Britain is the island where the industrial revolution happened first and one of the consequences of that massive explosion of power and wealth was the creation of the world’s first modern cities. Manchester, Liverpool, Newcastle, Southampton and London were and have been hotbeds of industrial and artistic endeavour for hundreds and in some cases, thousands of years.
The Romans knew how to pick the location for a city: many of their towns are now the major ports and cities of Britain. While they never made it to Wales or Scotland for any reasonable amount of time, the Romans certainly left their mark on England. The city of York was known as Eboracum and was a major trading hub from then until now. York retains its medieval city centre and was voted the most picturesque city in Europe, and once in the world. Definitely to go on the list.
Other Roman cities include Leeds (Leodis), London (Londinium), Newcastle (Pons Aelius) and Manchester (Mamucium).
The first industrial city in the world, Manchester is and was one of the great powerhouses of Northern England. The huge wealth accumulated here during the 18th and 19th centuries produced amazing architecture, parks and places to visit. There are art galleries (Lowry painted Manchester and captures its character beautifully), music venues and shops galore.
The wealth of Manchester came from the cloth trade but it has now got a vibrant science and technology scene. This is where the electron and nuclear fission were discovered, as well as the modern creation of graphene. A buzzing nightlife with loads of live music (remember the Hacienda and Madchester?), great food from the large and varied immigrant population and excellent transport links make it one of the great cities of Britain.
Built largely on the export of coal, the import of sugar and the trading of slaves, Newcastle has a unique place in British and world history. The Tyne Bridge is particularly impressive, as is The Castle. There’s loads for kids to do in Newcastle, with the Beamish Museum, and parks and shops all located not far from each other. The locals are called Geordies and are a fun bunch, with wicked senses of humour.
Another centre of the industrial revolution, Birmingham has continued to grow and remains a major industrial hub, as well as being Britain’s second city. Famed for the silver work of the cities artisans and the Cadbury’s chocolate that started life here, Birmingham hosts a vast range of activities, jobs and sights. The largest fountains in Europe are in the crowded city centre, where you can find food from every corner of the world, shopping for nearly anything and astounding architecture. Known as Brummies and having a distinctive local accent, the locals are good company.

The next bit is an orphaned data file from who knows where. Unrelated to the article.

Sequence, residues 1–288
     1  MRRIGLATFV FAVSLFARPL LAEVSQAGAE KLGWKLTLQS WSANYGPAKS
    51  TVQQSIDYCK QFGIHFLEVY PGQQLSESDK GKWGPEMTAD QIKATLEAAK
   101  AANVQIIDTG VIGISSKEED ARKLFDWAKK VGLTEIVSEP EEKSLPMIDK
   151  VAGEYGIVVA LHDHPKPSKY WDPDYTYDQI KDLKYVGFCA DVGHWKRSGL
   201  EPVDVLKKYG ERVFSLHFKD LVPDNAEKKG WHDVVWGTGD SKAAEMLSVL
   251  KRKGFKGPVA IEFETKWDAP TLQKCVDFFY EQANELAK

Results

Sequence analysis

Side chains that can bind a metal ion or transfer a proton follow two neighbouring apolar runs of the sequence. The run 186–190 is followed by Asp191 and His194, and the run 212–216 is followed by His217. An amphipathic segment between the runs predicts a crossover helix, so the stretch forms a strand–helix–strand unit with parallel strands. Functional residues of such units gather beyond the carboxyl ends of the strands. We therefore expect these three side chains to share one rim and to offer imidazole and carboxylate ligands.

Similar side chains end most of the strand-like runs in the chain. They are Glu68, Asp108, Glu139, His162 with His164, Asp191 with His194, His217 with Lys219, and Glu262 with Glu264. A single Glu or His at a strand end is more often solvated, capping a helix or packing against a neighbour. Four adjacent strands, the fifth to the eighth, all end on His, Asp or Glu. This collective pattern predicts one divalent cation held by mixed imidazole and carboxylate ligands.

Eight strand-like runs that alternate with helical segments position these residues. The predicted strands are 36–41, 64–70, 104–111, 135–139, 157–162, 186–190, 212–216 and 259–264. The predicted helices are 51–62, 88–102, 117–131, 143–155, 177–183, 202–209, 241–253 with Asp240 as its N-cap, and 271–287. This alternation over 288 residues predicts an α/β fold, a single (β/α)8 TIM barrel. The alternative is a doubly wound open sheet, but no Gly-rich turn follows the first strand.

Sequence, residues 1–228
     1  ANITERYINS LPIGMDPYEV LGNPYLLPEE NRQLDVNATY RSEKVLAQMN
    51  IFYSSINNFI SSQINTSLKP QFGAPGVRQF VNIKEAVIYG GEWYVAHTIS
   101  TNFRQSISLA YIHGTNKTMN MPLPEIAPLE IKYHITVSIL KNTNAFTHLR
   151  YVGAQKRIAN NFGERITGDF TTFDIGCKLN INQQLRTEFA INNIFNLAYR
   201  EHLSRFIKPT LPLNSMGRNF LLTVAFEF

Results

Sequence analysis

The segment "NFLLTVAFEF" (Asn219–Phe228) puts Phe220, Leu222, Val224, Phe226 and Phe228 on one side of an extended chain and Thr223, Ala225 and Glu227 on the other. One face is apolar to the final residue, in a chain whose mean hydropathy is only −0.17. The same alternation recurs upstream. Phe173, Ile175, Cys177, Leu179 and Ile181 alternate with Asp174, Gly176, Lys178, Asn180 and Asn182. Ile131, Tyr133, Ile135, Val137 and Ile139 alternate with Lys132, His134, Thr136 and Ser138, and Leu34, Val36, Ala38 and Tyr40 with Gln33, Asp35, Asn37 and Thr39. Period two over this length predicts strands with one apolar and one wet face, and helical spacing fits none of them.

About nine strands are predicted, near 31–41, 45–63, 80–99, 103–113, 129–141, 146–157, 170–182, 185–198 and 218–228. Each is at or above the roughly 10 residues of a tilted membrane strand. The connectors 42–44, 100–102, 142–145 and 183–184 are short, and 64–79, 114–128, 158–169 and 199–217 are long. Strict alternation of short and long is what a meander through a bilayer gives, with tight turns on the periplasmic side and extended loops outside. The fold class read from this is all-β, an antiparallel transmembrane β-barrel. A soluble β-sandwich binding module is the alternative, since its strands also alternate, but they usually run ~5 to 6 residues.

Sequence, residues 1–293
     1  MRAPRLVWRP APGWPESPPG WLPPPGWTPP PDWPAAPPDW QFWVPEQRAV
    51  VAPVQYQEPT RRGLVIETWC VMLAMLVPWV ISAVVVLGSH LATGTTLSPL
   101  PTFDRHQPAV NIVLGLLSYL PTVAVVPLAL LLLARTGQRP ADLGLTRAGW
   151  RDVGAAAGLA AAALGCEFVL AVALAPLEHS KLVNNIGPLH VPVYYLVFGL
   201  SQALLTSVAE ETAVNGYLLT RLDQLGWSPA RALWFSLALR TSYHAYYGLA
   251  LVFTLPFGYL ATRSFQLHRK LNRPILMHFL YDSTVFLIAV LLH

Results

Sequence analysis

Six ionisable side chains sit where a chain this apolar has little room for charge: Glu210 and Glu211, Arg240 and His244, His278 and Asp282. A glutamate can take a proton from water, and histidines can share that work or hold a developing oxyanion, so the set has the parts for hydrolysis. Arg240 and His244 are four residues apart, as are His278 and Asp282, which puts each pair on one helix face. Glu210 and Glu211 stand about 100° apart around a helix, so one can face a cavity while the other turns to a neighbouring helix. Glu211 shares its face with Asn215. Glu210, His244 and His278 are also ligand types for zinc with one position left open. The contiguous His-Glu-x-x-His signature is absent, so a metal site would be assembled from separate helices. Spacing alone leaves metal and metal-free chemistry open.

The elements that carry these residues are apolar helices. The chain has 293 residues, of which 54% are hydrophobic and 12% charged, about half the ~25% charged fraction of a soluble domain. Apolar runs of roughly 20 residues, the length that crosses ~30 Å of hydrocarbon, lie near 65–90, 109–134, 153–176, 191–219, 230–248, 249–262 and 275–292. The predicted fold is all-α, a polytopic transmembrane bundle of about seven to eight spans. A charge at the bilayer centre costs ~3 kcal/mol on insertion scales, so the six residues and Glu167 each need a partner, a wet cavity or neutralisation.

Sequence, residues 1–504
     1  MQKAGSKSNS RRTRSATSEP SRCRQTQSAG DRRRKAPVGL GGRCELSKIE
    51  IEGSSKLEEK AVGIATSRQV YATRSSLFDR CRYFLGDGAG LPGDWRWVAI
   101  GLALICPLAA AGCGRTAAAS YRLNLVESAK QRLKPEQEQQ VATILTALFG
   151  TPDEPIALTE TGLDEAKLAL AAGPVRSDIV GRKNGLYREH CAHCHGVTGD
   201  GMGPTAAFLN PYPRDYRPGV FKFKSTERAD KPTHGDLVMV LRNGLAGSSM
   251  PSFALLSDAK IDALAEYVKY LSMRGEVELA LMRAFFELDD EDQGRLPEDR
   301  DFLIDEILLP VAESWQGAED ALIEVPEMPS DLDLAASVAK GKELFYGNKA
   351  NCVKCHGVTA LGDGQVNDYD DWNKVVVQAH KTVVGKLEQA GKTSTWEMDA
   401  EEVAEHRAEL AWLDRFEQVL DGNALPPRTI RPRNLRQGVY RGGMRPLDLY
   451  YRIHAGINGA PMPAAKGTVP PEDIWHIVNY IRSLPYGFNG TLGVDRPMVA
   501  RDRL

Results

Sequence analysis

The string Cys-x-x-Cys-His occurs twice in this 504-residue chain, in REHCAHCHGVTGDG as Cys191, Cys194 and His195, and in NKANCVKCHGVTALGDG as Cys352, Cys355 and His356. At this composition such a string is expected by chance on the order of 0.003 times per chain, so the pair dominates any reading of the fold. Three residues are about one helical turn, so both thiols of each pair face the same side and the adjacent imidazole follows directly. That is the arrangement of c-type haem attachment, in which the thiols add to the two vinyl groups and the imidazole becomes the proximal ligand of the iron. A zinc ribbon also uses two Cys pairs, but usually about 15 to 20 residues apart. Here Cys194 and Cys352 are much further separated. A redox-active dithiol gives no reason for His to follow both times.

One of the fastest growing cities in England, Leeds is second only to London for the quality of its shopping. The centre is compact, with everything no more than 10 minutes’ walk away. The Corn Exchange is a marvel of Victorian engineering, the nightlife is buzzing and Leeds boasts one of the best music scenes in Britain. Drive for 20 minutes north and you’re in the Yorkshire Dales, Leeds gives you a wonderful mix of vibrancy and access to nature.
At once the national capital of Scotland and the cultural one (though Glaswegians would have something to say about that!), Edinburgh is an ancient city nestled in a long-dormant volcano caldera. Edinburgh castle has stood for a thousand years in the centre, commanding amazing views over the city and its surrounds. Not to be missed are the Tattoo and the toch-lit parades. Edinburgh has an amazing amount of culture packed into a relatively small place and is regarded as one of Britain’s most romantic cities. The locals are absolutely hysterically funny and always up for fun.
Once the shipbuilding capital of the world, Glasgow now offers incredible food, technology, culture and the best comedy clubs anywhere on this pretty globe. Unique and unforgettable, Glasgow and the Glaswegians leave an indelible mark on the mind with the contrasts and energy of the city. Plain spoken and generous, Glaswegians are amongst the best company in Britain.
One of the wold capitals, London’s reputation precedes it. A city of 8 million people and one of the highest proportions of foreign-born citizens of anywhere on Earth, it is one of the true cultural capitals and an incredibly exciting place to visit. Free museums, huge parks, a massive variety of food, an unbeatable nightlife and a music scene that puts all others to shame, it’s hard to understate the attractiveness of the city.
Quiet corners like Greenwich (see the meridian line and the observatory) and Kew Gardens (possibly the world’s greatest collection of plants) give Londoners a chance to escape the mad buzz of the city. It’s one of the greenest cities on Earth and offers something to everyone, no matter their age, background or nationality. Crowded, polluted and insanely busy, it can be best experienced in short bursts as it can be overwhelming and exhausting to those not used to it. But if you can catch a bit of that buzz, you’re in for an amazing time.
As the diarist Samuel Johnson said: a man who is tired of London is tired of life.